We live in a time where increasingly shouting down those who think differently than we do, is the “normal” of public discourse. Words are bludgeons to be used to subdue and humiliate an opponent or win an argument. Truth is distorted or disregarded. Listening plays a marginal role in this verbal warfare and polarisation of society and heightened potential for conflict is a frequent outcome. Yet the power of speech (with its full implications of complexity, abstraction and grammar) is, as far as we know, a distinguishing characteristic of human beings.
The tongue, Bahá’u’lláh, warns is a “smouldering fire” consuming “heart and soul”, “the effects of which last a century”. It is a theme of care in speech and word that Bahá’u’lláh elaborates on in his writings.
“Every word is endowed with a spirit“, he says. In some sense they are more than characters printed on a page, more than vibrations in the air endowed with symbols. Somehow they carry something far more intimate and spiritual of us – our joy, hate, love our anger can be carried by them. Care is needed in the expression of words – care of both time and place. Some words are “fire” and other words are “light“.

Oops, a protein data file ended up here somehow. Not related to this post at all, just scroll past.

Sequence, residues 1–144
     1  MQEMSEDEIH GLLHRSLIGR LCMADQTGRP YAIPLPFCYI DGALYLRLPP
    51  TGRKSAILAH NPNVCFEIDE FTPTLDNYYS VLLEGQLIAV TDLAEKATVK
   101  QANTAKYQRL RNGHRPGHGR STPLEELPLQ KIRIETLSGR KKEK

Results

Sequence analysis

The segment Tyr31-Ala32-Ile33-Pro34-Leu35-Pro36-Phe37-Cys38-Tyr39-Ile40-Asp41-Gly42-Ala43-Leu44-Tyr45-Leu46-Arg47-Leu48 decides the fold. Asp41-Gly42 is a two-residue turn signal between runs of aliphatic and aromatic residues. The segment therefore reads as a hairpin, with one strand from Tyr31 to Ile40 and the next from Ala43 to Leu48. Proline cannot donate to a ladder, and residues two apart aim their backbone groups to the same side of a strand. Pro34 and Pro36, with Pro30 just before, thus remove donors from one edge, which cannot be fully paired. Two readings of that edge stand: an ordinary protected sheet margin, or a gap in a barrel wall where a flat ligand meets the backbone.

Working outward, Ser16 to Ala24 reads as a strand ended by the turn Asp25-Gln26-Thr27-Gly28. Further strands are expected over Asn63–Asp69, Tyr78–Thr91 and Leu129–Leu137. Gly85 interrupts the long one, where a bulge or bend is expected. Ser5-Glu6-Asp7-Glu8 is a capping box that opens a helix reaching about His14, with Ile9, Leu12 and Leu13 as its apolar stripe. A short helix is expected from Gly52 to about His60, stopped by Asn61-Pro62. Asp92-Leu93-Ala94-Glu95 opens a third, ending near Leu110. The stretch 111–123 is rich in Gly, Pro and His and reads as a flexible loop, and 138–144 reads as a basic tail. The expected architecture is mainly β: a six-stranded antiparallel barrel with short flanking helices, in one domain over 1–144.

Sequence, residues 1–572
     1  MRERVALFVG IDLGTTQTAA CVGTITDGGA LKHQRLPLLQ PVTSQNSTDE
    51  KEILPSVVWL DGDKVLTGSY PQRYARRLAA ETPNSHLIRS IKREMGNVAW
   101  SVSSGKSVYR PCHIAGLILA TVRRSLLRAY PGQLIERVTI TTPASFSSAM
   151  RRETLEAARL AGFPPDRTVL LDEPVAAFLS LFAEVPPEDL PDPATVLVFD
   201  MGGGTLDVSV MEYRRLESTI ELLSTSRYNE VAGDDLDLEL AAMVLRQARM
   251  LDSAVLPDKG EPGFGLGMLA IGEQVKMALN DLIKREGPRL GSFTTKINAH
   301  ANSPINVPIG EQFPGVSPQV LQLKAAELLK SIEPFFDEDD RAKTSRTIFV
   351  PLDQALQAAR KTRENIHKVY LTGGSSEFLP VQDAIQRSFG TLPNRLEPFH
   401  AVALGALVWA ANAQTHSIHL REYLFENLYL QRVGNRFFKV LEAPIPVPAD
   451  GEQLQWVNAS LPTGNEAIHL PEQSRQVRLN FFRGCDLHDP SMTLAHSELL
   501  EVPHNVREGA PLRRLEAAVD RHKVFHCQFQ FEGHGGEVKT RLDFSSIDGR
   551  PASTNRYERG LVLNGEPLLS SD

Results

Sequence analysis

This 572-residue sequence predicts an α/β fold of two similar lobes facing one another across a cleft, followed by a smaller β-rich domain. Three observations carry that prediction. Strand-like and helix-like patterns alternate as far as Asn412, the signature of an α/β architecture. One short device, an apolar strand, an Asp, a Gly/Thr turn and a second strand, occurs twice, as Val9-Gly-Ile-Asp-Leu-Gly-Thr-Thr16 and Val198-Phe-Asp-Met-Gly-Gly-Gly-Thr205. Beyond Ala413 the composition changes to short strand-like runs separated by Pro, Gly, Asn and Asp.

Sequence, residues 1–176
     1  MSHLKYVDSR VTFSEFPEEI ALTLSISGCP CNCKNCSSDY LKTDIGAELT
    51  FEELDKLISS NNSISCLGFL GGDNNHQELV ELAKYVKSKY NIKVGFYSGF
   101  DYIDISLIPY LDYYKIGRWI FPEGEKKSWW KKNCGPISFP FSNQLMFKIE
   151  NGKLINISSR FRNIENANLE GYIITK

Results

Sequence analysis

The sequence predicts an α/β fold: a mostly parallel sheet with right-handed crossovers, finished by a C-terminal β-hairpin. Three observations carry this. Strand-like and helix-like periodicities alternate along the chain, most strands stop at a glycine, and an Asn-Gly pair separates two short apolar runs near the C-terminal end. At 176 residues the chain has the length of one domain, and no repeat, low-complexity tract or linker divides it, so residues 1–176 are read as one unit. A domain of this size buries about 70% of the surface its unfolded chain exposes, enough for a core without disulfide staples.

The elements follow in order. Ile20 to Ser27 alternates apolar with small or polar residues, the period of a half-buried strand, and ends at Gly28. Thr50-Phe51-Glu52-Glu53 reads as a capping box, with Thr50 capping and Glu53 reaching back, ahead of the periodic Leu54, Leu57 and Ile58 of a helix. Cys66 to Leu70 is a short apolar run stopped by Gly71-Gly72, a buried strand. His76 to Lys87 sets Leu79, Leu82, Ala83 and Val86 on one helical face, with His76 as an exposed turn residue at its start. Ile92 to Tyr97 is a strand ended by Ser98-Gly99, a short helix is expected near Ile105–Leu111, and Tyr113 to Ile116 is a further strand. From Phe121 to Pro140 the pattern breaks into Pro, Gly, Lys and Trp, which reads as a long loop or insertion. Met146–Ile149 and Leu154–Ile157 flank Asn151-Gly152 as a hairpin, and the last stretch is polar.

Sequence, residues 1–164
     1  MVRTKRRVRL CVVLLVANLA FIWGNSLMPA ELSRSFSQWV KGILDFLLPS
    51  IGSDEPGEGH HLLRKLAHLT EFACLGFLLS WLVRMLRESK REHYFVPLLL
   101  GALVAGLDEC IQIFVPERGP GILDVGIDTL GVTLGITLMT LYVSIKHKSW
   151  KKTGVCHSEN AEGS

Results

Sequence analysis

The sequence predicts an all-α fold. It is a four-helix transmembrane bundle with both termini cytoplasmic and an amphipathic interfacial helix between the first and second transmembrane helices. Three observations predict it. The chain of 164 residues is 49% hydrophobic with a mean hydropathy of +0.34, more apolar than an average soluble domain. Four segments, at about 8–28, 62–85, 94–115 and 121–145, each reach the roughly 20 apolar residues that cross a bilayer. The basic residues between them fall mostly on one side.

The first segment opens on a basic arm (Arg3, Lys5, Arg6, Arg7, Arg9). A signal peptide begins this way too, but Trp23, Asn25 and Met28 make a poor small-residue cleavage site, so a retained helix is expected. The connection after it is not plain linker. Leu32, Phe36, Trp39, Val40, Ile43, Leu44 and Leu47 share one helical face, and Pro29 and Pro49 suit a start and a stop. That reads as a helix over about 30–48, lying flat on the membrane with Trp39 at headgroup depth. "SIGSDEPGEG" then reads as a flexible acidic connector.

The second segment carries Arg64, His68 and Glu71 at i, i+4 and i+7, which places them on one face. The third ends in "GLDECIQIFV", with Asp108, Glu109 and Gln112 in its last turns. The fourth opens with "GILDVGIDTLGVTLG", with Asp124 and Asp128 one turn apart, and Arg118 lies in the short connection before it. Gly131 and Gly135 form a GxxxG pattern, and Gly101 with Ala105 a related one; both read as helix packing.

… an enlightened man of wisdom should primarily speak with words as mild as milk, that the children of men may be nurtured and edified thereby and may attain the ultimate goal of human existence which is the station of true understanding and nobility.
Baha’u’llah counsels moderation, tact and wisdom in speech. In another passage Baha’u’llah states:
A kindly tongue is the lodestone of the hearts of men. It is the bread of the spirit, it clotheth the words with meaning,
Kindness of speech enhances communication. Without it, the very communicative act is undermined. Further courtesy and truth are important qualities of speech.
One should not ignore the truth of any matter, rather should one give expression to that which is right and true.
Let truthfulness and courtesy be your adorning.
In the article We are One -Bahá’u’lláh’s thought on the oneness of humanity, we saw that Bahá’u’lláh prohibits contention and conflict. A similar concept appears in the following quote:
This is the day of nearness and reunion, not the time for contention and idle words.
Moreover we see that words are not enough.
O people! Words must be supported by deeds, for deeds are the true test of words.
Image Credits: Mikhail Gorbunov, Creative Commons https://commons.wikimedia.org/wiki/File:Dialog_face_to_face.JPG
(This article is the 10th in a series of what I hope will be 200 articles in 200 days for the 200th anniversary of the birth of Bahá’u’lláh. The anniversary is being celebrated around the world on 21 and 22 October 2017, The articles are simply my personal reflections on Bahá’u’lláh’s life and work. Any errors or inadequacies in these articles are solely my responsibility.)